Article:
Ripken's 7 RBI power Orioles over Rangers 2 homers, triple lead 11-4 victory

April 14, 1991|By Peter Schmuck | Peter Schmuck,Sun Staff Correspondent

ARLINGTON, Texas -- The Baltimore Orioles and thei new-look lineup had played it coy long enough. The time had come to take the thing public, and shortstop Cal Ripken was just the guy to do it.

Ripken, after all, was supposed to be the major beneficiary of the off-season rebuilding effort that put Glenn Davis and Dwight Evans behind him in the batting order, so who better to be the leading man in the club's first big offensive show of 1991?

There's no telling what effect the beefed-up lineup might have had on his performance, but there was no arguing with the results. Ripken hit two home runs and had a career-high seven RBI last night as the Orioles scored an 11-4 victory over the Texas Rangers at Arlington Stadium.

The presence of Davis and Evans was supposed to mean better pitches to hit for Ripken, whose offensive numbers declined after the Orioles lineup of the mid-1980s was disassembled. That theory took a beating in the first three games of the season, but it could not be dismissed after the team's biggest individual run-production performance since Eddie Murray drove in seven runs against the Oakland Athletics on May 18, 1986.

"I can't say right now . . . it's too early to tell how they're pitching me," Ripken said. "But I do know I'm more relaxed. I know we have more firepower. In the past I have tried to over-achieve, and when you try to over-achieve, the pitchers expand your strike zone."

Ripken had a triple and a single to go with the two homers he hit off reliever Brad Arnsberg late in the game. He might have hit for the cycle for the second time in his career, but his second home run landed on the top of the left-field fence and bounced over.

"He's hitting the ball hard," said Orioles manager Frank Robinson. "He's seeing the ball better, he's more relaxed mentally, and he doesn't feel he has to carry the entire team."

Ripken's performance provided the margin of victory for left-hander Jeff Ballard, who had not won as a starting pitcher since he defeated the Rangers, 9-2, in Texas on May 27 last year.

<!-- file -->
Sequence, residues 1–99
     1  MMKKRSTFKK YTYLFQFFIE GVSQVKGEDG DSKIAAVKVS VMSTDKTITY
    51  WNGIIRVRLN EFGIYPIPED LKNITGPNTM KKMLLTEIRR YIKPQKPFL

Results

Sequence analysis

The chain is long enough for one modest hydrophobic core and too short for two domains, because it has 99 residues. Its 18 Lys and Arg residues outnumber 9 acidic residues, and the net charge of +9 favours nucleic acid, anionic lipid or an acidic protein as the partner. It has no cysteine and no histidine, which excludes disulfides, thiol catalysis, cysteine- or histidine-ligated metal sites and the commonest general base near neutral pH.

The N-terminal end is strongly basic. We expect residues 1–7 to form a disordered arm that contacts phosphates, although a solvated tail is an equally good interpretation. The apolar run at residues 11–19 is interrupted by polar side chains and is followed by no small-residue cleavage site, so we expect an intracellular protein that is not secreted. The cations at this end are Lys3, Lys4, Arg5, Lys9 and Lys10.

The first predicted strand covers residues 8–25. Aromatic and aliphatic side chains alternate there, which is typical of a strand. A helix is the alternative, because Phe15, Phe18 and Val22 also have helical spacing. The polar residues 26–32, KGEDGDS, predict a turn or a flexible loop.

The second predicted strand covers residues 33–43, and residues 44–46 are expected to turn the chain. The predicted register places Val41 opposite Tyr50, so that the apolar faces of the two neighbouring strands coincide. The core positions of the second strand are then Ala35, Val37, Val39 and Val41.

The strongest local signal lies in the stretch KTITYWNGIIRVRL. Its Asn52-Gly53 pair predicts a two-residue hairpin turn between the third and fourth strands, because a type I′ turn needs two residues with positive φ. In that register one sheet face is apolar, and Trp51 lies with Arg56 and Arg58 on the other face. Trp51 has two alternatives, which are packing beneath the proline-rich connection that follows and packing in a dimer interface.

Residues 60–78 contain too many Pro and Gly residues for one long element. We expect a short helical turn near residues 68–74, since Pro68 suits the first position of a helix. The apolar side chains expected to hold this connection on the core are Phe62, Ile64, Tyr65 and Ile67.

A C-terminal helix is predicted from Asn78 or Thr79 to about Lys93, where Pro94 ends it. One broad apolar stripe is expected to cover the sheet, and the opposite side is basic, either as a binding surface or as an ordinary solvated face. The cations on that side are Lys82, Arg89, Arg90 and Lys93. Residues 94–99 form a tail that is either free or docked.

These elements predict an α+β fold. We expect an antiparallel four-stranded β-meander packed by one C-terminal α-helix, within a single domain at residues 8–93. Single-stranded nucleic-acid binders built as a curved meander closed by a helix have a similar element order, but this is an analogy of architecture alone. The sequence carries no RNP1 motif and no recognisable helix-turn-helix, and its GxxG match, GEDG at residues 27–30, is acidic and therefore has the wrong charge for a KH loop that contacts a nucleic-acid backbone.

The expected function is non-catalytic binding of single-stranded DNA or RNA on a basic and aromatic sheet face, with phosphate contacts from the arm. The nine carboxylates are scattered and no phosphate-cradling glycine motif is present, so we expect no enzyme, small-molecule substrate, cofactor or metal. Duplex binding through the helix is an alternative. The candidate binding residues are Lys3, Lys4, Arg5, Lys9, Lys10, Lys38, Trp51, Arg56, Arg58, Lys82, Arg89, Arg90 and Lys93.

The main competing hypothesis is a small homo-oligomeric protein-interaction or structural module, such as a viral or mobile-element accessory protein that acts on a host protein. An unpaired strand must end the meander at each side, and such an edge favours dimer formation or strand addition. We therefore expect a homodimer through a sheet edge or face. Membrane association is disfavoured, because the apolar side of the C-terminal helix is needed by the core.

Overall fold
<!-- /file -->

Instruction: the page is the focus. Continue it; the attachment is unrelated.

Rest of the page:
Ballard pitched six innings and gave up four runs on seven hits to even his record at 1-1. He got some help from the Orioles bullpen, but it was the generous offensive support that guaranteed the victory.

The Orioles had 12 hits -- as many as they had in their three previous games combined -- in their most productive offensive performance since they scored 11 runs against the California Angels last Aug. 12.

It might as well have been Opening Night for the revamped offensive attack, which could not scrape together more than five hits in any of the first three games of the season. Three games might not be enough to constitute a prolonged hitting slump, but leave it at this: The Orioles were fortunate to be in a position to even their record at 2-2 last night.

They came into the game with a combined .138 batting average and could not boast a single multi-hit individual performance. The Orioles had been so ineffective at the plate that five major-league players -- Devon White, Delino DeShields, Lenny Dykstra, Benito Santiago and Fred McGriff -- came into Friday's games with more runs to their credit.

But all bad things must come to an end. Rangers left-hander Kenny Rogers struggled with his control at the outset, and the Orioles scored five times in the first two innings to run him off the mound.

The Rangers, who are winless in their first four games, seem to do whatever it takes to lose. Rogers walked two batters in the first innings, but might have gotten off cheaply if center fielder Tony Scruggs had not played a line drive by Ripken into a run-scoring triple.

Scruggs mistakenly charged the liner and then lost his footing on the soggy turf. By the time he retrieved the ball, Randy Milligan had scored from first and Ripken was standing at third. Rogers further complicated the inning with a walk to Glenn Davis before Dwight Evans singled in a run and Craig Worthington brought home another with a ground out.

Five straight Orioles reached base with one out in the second inning to bring Rangers manager Bobby Valentine to the mound and left-hander John Barfield out of the bullpen. Ripken again delivered the big hit, driving in two runs with a bases loaded single up the middle.

Barfield entered the game after Rogers hit Davis with a pitch to load the bases again. He struck out Evans and got Worthington on a comebacker to get out of the jam, which didn't seem particularly significant at the time, but increased in importance when the Rangers climbed back to within a run in the fourth.

Ballard, who had won only once in his previous 20 starts, was in serious danger of letting this decision get away until Worthington delivered the first Orioles home run of the year in the fifth inning.

The Rangers ended a string of 21 scoreless innings when Rafael Palmeiro slammed a three-run homer to right field in the third and cut the lead to one when Steve Buechele hit a towering shot to left in the fourth.

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